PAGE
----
D.A.R. Still Closed to Traffic

Dominion Atlantic Railway passengers between Halifax and Yarmouth are travelling by the Halifax and South Western both ways today on account of the freshets on the D.A.R.
[Bridgewater Bulletin, 10 April 1923]

N.S.C.R. Also Closed to Traffic

The freshet on Monday [9 April 1923] destroyed some small dams on the LaHave River and piled large pieces of ice over the railway track in many places so that the Caledonia and Middleton trains had to be cancelled for that day.
[Bridgewater Bulletin, 10 April 1923]

The railway between Bridgewater and Middleton — built in the late 1880s by the Nova Scotia Central Railway — in 1923 was owned and operated by Canadian National Railways but was still often called the N.S.C.R. For about fifteen kilometres upstream from Bridgewater this track closely followed the east bank of the LaHave River in Lunenburg County, and in many places was only a metre or two above the river's normal water level.

In late winter and early spring, when rain caused the river ice to break up, it was not uncommon for ice blockades to form here and there along the river. These temporary ice dams formed quickly and could cause the river water to rise two or three metres in a few hours. At such times the railway track was often under water and trains had to be cancelled until the water went down.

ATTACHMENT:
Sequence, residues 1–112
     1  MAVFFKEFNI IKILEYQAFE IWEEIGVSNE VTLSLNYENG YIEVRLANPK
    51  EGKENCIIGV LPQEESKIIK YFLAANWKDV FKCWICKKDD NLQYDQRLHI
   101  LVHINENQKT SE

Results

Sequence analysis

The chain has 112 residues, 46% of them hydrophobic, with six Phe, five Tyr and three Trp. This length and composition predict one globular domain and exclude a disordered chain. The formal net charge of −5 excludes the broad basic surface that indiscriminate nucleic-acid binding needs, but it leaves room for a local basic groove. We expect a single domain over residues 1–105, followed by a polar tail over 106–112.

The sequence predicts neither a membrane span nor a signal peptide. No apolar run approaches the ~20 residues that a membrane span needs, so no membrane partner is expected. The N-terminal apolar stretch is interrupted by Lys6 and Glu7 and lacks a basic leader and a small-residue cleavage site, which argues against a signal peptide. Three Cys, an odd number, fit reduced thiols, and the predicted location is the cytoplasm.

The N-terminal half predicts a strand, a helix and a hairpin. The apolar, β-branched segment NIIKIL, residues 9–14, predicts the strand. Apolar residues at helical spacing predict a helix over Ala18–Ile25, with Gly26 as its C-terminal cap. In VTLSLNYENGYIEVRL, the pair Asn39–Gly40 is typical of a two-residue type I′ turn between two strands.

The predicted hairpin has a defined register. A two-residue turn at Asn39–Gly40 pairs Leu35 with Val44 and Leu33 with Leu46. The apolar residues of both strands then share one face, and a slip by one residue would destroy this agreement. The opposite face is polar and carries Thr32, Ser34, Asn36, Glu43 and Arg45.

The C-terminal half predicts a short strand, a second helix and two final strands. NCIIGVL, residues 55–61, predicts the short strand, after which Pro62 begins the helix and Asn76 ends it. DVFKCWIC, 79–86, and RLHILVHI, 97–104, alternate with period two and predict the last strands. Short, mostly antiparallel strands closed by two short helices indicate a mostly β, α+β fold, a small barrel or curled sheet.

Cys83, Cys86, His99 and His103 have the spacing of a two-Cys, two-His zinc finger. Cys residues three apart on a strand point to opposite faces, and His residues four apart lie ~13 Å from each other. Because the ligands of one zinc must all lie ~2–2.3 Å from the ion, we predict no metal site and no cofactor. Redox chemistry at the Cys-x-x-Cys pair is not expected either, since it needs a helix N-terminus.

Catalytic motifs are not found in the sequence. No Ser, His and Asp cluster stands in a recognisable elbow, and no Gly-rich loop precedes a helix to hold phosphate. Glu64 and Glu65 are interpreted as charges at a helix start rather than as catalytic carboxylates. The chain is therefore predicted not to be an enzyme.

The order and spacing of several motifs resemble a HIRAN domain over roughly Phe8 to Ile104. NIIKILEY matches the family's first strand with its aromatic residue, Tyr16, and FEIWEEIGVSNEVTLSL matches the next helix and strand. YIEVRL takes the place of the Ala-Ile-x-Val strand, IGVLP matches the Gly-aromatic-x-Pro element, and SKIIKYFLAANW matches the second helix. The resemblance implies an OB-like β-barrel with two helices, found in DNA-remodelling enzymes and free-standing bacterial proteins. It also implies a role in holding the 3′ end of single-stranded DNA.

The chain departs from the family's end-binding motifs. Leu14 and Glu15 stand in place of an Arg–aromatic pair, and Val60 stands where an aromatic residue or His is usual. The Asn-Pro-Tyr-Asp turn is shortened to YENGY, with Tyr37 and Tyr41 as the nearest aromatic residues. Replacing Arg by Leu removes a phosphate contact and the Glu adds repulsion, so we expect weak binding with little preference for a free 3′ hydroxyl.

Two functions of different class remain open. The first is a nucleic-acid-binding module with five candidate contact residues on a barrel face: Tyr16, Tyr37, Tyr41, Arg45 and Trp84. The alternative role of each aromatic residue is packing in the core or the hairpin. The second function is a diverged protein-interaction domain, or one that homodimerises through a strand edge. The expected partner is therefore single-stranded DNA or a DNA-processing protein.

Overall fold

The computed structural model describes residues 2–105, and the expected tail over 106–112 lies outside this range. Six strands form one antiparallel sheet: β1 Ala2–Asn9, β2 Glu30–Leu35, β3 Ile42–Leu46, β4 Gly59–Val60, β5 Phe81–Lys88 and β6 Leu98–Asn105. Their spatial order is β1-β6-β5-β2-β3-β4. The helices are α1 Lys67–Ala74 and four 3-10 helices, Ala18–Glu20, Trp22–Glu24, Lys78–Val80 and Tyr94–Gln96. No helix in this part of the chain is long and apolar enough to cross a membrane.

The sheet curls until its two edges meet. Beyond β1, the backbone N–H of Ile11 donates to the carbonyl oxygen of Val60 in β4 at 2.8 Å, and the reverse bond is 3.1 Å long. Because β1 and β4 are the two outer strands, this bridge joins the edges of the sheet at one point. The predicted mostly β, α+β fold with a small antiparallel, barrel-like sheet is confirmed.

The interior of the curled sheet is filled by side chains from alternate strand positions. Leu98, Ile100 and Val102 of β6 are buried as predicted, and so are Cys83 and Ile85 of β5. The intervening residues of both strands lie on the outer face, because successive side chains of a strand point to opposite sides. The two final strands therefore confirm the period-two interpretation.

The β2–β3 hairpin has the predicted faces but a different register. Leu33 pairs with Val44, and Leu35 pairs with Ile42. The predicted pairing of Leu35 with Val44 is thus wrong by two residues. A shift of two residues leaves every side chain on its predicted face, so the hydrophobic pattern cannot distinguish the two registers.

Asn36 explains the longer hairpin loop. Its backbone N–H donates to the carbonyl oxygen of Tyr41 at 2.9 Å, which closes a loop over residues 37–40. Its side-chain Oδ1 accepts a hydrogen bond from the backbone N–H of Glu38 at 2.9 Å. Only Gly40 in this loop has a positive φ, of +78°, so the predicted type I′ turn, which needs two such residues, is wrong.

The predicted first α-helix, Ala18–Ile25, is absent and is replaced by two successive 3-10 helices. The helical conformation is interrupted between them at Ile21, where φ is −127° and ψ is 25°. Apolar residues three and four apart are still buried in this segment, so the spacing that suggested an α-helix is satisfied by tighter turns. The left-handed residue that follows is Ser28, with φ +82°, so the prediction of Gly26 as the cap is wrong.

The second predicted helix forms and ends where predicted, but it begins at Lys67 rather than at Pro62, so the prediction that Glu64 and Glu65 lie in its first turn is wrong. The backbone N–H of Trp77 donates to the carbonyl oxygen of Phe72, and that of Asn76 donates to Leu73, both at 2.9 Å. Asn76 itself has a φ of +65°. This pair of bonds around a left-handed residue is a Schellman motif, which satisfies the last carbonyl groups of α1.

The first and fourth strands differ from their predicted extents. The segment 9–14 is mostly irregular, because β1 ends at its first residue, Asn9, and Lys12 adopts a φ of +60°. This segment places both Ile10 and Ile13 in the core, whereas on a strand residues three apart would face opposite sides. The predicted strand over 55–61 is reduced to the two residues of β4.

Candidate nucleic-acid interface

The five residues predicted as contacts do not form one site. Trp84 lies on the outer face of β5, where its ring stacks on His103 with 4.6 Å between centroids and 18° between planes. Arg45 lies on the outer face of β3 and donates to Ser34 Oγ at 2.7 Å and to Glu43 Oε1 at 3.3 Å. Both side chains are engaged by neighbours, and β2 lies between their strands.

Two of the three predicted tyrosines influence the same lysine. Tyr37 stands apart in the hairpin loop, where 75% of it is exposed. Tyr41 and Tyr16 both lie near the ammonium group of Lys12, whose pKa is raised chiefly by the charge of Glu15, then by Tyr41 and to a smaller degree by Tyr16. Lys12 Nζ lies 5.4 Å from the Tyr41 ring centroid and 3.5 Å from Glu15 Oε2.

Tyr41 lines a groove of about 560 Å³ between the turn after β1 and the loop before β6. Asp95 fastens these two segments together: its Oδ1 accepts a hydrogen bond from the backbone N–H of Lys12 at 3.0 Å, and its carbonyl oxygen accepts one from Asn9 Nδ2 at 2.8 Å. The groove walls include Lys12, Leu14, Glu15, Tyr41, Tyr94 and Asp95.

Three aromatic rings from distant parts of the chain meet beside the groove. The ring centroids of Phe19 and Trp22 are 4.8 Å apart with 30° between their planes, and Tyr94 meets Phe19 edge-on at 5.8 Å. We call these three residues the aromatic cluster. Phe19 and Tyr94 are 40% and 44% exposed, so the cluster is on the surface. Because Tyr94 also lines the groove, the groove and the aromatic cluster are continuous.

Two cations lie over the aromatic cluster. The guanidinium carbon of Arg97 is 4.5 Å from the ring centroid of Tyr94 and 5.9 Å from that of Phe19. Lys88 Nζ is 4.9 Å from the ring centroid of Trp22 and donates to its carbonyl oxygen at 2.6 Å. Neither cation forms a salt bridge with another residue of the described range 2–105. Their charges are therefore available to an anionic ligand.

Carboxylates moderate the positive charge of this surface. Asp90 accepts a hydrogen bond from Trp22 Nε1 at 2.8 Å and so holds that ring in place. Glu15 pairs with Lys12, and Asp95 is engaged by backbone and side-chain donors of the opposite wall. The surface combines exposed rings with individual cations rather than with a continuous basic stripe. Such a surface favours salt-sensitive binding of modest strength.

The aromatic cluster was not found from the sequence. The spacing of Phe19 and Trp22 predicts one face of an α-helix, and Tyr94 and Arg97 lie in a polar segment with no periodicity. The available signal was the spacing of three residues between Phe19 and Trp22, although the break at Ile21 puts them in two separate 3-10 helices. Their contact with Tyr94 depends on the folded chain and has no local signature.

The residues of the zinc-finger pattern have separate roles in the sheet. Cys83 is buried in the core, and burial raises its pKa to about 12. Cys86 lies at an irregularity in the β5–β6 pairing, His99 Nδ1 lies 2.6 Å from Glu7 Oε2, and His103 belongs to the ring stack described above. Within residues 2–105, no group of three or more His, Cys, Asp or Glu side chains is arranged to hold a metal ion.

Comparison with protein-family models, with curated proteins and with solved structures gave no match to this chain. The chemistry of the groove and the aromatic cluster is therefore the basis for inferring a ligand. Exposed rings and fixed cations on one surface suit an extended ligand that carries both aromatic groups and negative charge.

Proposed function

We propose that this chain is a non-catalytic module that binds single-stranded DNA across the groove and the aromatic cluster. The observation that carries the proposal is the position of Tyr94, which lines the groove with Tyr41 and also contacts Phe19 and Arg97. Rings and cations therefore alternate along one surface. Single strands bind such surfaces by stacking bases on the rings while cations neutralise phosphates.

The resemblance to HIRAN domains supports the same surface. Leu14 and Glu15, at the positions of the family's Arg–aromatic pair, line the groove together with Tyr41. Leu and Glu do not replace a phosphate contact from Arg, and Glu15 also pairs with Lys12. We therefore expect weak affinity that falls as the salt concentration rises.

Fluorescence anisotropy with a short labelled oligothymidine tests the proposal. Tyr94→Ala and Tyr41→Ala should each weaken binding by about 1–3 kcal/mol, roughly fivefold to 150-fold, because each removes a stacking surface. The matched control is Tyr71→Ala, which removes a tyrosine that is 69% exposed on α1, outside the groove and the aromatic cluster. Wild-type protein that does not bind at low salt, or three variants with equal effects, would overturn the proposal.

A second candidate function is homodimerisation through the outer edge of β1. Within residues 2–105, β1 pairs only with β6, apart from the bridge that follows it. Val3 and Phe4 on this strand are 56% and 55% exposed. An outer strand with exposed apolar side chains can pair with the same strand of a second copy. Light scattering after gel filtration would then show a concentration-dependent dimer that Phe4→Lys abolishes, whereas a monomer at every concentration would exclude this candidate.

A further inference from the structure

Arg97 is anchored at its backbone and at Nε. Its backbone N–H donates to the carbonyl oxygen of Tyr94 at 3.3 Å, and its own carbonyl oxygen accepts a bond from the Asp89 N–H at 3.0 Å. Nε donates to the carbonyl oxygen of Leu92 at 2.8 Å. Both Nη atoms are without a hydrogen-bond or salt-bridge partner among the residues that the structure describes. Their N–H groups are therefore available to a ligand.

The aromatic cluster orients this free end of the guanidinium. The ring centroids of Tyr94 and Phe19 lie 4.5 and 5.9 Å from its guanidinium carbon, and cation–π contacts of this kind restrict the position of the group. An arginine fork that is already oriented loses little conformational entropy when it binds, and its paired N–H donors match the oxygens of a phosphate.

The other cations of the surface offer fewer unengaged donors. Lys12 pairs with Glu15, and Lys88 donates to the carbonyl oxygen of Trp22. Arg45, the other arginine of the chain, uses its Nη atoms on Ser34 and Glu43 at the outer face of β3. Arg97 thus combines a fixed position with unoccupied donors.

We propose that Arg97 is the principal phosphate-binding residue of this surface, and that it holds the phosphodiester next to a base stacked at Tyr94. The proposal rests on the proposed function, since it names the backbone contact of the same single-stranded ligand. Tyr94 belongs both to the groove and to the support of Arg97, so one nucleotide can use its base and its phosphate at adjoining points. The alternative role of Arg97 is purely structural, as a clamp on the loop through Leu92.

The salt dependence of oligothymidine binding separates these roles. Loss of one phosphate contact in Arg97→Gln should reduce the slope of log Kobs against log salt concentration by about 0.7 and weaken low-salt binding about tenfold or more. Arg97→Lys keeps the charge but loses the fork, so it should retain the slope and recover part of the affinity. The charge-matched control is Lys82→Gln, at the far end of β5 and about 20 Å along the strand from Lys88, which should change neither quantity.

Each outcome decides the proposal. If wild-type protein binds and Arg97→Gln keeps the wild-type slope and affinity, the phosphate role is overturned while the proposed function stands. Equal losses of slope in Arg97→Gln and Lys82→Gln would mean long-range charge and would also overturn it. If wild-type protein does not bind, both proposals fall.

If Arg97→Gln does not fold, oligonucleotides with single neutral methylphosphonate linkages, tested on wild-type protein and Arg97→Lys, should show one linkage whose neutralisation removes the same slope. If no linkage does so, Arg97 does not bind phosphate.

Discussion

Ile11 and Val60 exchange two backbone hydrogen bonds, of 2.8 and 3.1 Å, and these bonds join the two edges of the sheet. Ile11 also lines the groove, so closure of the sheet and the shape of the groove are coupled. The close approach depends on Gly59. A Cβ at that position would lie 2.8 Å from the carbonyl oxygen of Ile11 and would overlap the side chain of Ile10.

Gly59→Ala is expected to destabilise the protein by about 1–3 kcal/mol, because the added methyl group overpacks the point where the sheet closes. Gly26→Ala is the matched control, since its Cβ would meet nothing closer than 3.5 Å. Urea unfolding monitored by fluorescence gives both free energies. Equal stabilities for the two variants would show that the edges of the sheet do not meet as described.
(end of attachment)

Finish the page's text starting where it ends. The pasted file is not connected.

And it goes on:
The Caledonia train operated six days a week from Caledonia to New Germany and Bridgewater in the morning, returning in the afternoon. The Middleton train operated six days a week from Bridgewater to Middleton and return. Both trains travelled along the N.S.C.R. track between Bridgewater and New Germany, and both had to be cancelled if that track was impassable.

In the 1920s the railways provided the most important transportation service throughout Nova Scotia (and pretty much everywhere else in North America). When the trains were delayed or cancelled, for any reason, there were immediate and serious effects on many people and businesses. Travellers were stranded, and freight could not be moved. The mail was stopped. Any disruption in the normal railway operations had an immediate and far-reaching impact, and such events were newsworthy.

1923 April 15

Highway Driving Rule Changes Sides

Nova Scotia: Now Drive to the Right
Drive to the Right on Nova Scotia Roads
Amherst Daily News, April 14, 1923